I always think of the Spanish verb "ser" being related to "essence", which can be contrasted with the verb "estar", which is related to "state".

"Ser" is also a noun with various meanings including "being" as in "ser humano" = "human being", and "essence". There is also another Spanish word "esencia" meaning "essence".

But am I actually correct in thinking "ser" is related to "esencia", "essence", "essential", etc? Or is it just one more linguistic coincidence after all?

(I've checked Wiktionary and the Dicc. RAE but didn't find a full answer so I bring it here to the experts.)

2 Answers 2


Some forms of ser are cognate with "essence", but ser itself is not.

Ser in Spanish is a "suppletive verb", which is missing some of its forms and has stolen them from other verbs to compensate. Compare English "go", which doesn't have the past-tense form *goed; instead, it's stolen the past form "went" from the unrelated verb "wend" (as in "wend your way").

Ser itself comes from Latin sedēre "to sit" (*). (Estar on the other hand is from stāre "to stand".) English has various cognates of sedēre, but "essence" isn't one of them.

However, forms such as the present-tense soy, es, somos, son come from the Latin sum, es, sumus, sunt: the present indicative of the verb esse, "to be". "Essence" and related words do come from esse; the participle ending -nt- was added to esse to form a word meaning "being". Thus "essence" is "that which is being", and "essential" is "related to essence", and so on.

As far as the noun ser, I'm afraid I don't know its etymology, but I'd assume it's related to the verb.

(*) The etymology I'm familiar with is sedēre > seder > seer > ser, though as pointed out in the comments it could also be from esse > essere > esser > ser. Most likely the two forms influenced each other, because there are some forms of ser that are definitely from esse and others that are definitely from sedēre.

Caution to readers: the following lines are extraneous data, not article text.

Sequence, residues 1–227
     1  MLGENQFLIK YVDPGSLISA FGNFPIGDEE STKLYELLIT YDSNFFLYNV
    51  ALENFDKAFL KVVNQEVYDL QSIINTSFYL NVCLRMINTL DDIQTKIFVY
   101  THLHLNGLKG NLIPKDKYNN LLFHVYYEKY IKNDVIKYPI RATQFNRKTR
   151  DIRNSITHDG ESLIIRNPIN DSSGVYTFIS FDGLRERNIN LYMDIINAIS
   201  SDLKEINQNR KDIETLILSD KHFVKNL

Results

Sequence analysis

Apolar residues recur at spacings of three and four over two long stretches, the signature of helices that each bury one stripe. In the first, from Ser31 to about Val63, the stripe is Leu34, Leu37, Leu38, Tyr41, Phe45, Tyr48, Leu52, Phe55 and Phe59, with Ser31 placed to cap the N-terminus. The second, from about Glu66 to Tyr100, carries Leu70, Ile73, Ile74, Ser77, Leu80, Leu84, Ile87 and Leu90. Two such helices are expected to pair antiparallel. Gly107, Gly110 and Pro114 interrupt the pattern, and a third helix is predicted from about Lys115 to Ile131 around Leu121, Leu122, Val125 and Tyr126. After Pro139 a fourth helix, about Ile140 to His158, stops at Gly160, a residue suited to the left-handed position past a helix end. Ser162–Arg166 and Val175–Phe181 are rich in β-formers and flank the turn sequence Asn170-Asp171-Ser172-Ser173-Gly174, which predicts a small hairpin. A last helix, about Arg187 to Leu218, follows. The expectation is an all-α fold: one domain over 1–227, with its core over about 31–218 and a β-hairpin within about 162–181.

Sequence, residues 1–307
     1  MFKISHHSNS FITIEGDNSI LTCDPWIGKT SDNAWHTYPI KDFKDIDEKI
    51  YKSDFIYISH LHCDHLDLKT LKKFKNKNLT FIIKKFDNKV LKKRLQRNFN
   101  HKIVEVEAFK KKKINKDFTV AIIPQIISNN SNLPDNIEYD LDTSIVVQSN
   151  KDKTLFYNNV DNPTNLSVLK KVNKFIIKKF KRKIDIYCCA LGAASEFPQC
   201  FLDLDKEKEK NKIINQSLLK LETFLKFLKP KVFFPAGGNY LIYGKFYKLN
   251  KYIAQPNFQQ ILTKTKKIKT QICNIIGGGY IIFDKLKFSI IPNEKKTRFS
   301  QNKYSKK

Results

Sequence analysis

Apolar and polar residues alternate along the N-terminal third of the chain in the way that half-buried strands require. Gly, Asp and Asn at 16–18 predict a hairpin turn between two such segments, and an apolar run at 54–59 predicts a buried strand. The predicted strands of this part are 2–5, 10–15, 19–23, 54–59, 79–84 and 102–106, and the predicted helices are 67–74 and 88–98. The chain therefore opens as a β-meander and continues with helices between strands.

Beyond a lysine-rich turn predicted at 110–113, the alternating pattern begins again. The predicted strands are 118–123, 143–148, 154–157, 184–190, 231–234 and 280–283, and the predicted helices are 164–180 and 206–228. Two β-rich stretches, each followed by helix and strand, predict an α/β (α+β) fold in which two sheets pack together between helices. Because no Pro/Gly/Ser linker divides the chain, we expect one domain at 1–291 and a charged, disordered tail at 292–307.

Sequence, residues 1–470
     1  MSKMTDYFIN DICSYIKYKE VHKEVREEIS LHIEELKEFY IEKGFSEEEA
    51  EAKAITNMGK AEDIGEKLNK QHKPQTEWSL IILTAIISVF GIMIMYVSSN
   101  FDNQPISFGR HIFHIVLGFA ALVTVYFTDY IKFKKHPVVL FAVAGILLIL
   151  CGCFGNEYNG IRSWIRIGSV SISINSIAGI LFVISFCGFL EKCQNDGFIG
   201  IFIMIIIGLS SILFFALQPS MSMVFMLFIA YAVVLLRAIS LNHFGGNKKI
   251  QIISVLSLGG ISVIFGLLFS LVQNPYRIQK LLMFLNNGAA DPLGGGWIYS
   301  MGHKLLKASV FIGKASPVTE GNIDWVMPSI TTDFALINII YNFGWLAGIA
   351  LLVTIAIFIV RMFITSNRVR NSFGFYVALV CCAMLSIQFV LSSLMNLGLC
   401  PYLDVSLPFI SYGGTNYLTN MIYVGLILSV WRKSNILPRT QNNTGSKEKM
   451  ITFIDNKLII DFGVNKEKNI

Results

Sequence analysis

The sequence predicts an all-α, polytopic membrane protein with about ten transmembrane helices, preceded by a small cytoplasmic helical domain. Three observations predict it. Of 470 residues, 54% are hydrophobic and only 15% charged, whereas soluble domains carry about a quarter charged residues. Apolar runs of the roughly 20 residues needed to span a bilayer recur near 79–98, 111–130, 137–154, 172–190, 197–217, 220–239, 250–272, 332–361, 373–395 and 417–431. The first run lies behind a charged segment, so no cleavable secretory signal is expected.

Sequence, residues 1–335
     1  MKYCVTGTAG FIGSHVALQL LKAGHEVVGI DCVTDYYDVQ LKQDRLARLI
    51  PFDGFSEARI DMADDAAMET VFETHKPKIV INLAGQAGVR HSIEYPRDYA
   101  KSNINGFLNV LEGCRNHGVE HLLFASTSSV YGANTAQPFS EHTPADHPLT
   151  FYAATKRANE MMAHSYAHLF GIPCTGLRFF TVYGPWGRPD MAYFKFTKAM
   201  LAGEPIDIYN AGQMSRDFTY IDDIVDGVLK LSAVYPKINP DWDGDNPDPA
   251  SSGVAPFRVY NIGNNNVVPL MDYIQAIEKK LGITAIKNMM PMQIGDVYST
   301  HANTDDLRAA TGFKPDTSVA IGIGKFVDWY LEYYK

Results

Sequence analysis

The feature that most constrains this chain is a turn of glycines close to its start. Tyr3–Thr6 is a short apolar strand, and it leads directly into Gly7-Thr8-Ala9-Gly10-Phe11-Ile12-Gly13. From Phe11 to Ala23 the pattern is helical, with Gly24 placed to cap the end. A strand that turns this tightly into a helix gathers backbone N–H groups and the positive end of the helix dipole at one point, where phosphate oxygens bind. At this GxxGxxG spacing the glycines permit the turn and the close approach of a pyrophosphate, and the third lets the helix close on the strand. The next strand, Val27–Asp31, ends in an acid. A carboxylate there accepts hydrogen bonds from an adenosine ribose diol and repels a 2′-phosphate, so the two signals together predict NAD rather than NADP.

• 4
    Ser itself comes from Latin sedēre "to sit". There is a counterargument that ser is cognate with Italian essere, at least partly. Commented Feb 27, 2018 at 9:19
  • 2
    "Essentia" is used by Quintilian. That is as classic as you can get.
    – fdb
    Commented Feb 27, 2018 at 10:57
  • For some speakers, it undoubtedly is related to esse or essere; for others, undoubtedly it's not. There's 2000 years of history here, with millions of speakers, and trillions of usages, all of which are different. The idea that there is one source for a word like ser is as silly as the idea that one mutation created human speech.
    – jlawler
    Commented Feb 27, 2018 at 21:04
  • @fdb Didn't know that! Fixed.
    – Draconis
    Commented Feb 27, 2018 at 22:56
  • @A.M.Bittlingmayer Huh, I wasn't familiar with that argument. It does make sense, though the loss of initial /e/ seems odd to me without at least some influence from sedēre. Added a note!
    – Draconis
    Commented Feb 28, 2018 at 19:41

As Draconis says, some conjugations of ser are cognate with Latin esse derived words in English, but not all. I made this chart (based on this blog post) a while ago, it details which are which:

^ Note for ve

In voseo dialects, the 2nd person sing. pos. (vos) imperative for ir is andá (from Latin ambulare). This is cognate with Spanish andar, Catalan anar, Italian andare, French aller (all meaning to go/to walk).


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